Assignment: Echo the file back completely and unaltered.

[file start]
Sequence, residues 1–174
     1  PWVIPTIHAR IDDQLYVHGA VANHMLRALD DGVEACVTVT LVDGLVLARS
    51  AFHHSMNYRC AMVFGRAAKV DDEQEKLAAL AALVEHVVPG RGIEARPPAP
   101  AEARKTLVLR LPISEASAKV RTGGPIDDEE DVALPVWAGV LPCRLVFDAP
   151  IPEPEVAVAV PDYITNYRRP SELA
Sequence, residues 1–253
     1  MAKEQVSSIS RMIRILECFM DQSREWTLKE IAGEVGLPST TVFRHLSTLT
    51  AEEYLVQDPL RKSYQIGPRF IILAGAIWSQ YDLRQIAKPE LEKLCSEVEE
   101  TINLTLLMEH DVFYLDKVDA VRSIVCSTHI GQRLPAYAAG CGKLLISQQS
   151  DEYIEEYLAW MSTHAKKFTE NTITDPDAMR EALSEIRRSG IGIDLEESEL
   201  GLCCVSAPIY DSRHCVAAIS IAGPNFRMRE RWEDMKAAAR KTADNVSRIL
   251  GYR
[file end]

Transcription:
Sequence, residues 1–174
     1  PWVIPTIHAR IDDQLYVHGA VANHMLRALD DGVEACVTVT LVDGLVLARS
    51  AFHHSMNYRC AMVFGRAAKV DDEQEKLAAL AALVEHVVPG RGIEARPPAP
   101  AEARKTLVLR LPISEASAKV RTGGPIDDEE DVALPVWAGV LPCRLVFDAP
   151  IPEPEVAVAV PDYITNYRRP SELA
Sequence, residues 1–253
     1  MAKEQVSSIS RMIRILECFM DQSREWTLKE IAGEVGLPST TVFRHLSTLT
    51  AEEYLVQDPL RKSYQIGPRF IILAGAIWSQ YDLRQIAKPE LEKLCSEVEE
   101  TINLTLLMEH DVFYLDKVDA VRSIVCSTHI GQRLPAYAAG CGKLLISQQS
   151  DEYIEEYLAW MSTHAKKFTE NTITDPDAMR EALSEIRRSG IGIDLEESEL
   201  GLCCVSAPIY DSRHCVAAIS IAGPNFRMRE RWEDMKAAAR KTADNVSRIL
   251  GYR